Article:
Scheduled maintenance: Saturday, August 7 from 5PM to 6PM PDT
Upgrade to remove ads
BIO EXAM 2 Terms
Terms in this set (32)
terrestrial vertebrates must receive oxygen from the air rather than water; this problem is overcome through the evolution of lungs (specialized air sacs), choanae (internal nostrils), and cutaneous respiration (breathing through skin).
ventral (belly side) part of the shell of turtles (Testudines)
dorsal (back side) part of the shell of turtles (Testudines)
paired copulatory organs in male Squamata (lizards & snakes)
What feature is shared by lungfish (Dipnoi) and terrestrial vertebrates (Tetrapoda)?
Lungfish and tetrapods both possess internan nostrils (choanae)
What was Tiktaalik, and why was it important?
Tiktaalik was a transitional sarcopterygian "fish" that possessed features that were both fish-like (scales, fins, gills, and lungs) and tetrapod-like (neck, ribs, bones in the fin, flat skull, eyes on top of head)
Review the challenges and solutions that vertebrates encountered moving from the water to land.
Support and Movement
Support and Movement
gravity has a greater effect on the body and locomotion on land than it does in water; this problem is overcome by strengthening of the pectoral and pelvic girdles and limbs, including presence of fingers and toes.
the special senses, such as hearing, function differently in air than in water; in the case of the ear, this was overcome by the origin of the tympanic membrane (ear drum) and columella (stapes).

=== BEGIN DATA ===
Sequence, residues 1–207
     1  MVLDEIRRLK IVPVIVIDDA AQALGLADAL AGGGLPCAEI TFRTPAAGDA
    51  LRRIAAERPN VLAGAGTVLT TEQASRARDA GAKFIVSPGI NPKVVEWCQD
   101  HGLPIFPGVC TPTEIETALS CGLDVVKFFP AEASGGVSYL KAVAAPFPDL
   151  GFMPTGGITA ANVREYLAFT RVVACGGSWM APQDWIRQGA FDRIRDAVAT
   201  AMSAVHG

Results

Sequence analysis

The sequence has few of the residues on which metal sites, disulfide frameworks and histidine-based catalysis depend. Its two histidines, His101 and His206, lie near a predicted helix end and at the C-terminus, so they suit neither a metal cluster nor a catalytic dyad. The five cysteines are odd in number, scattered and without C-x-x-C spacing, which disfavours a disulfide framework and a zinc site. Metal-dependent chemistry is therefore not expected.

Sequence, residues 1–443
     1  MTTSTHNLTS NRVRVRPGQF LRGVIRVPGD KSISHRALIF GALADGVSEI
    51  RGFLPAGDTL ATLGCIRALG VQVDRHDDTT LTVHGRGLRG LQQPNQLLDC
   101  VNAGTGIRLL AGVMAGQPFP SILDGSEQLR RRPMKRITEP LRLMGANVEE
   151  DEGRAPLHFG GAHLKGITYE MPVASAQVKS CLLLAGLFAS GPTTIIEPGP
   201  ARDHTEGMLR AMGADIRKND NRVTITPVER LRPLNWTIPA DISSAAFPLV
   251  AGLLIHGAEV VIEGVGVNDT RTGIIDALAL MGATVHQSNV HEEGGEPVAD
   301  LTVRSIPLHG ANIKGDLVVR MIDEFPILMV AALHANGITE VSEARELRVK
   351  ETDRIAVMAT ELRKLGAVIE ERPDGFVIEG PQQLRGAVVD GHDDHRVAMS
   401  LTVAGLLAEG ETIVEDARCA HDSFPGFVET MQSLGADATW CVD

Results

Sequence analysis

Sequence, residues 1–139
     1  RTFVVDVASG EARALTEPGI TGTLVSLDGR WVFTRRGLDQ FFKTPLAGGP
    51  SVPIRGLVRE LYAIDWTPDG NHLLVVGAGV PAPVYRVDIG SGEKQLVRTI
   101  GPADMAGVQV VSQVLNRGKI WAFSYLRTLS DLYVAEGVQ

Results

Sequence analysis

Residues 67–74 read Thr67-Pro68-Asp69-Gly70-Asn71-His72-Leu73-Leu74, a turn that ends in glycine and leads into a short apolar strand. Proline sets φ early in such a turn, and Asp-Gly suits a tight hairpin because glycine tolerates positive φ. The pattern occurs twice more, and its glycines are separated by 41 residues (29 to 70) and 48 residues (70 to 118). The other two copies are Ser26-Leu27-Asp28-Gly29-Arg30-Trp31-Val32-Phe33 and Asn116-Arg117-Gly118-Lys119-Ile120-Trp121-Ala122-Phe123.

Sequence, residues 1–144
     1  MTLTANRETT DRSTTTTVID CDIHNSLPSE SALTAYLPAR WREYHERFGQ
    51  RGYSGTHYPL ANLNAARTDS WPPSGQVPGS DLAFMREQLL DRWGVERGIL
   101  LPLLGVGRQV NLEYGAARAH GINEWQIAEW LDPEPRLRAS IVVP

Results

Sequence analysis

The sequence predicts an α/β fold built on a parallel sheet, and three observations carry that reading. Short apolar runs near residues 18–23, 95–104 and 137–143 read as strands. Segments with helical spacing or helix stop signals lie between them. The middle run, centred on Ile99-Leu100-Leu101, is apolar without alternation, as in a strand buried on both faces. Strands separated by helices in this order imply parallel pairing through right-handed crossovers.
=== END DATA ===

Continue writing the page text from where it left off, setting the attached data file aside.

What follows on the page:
terrestrial animals are at risk from dehydration; water is retained in kidneys and intestines, and waste products are concentrated as urea (mammals, most amphibians) and uric acid (reptiles) to aid in elimination.
occurs in the water for most species, especially the laying of eggs; most terrestrial vertebrates employ internal fertilization, amphibians develop through metamorphosis during which juveniles are aquatic and adults are terrestrially adapted, and amniotes have developed the amniotic egg that can be laid away from the water.
Elongated cartilaginous cellular cord, enclosed in a sheath, that forms the primitive axial skeleton of chordate embryos, adult cephalochordates, and jawless vertebrates. Flexible (but non-compressible) rod that provides support - modified as intervertebral disks in adult humans
Ciliated groove(s) in the floor of the pharynx of tunicates, cephalochordates, and larval lampreys; used for accumulating and moving food particles to the stomach. Pouch in the throat with mucus to trap food; develops into the thyroid gland in vertebrates (regulates energy use)
neural crest cells
Populations of ectodermally derived embryonic cells that differentiate into many skeletal, neural, and sensory structures; unique to vertebrates
colored protein in muscles that stores oxygen
endocrine gland in brain, sensitive to light, seceretes seratonin (regulates circadian rhythm)
Lateral Line System
covers gills for protection
a pre-existing feature that is co-opted for a new function
used for respiration and vocalization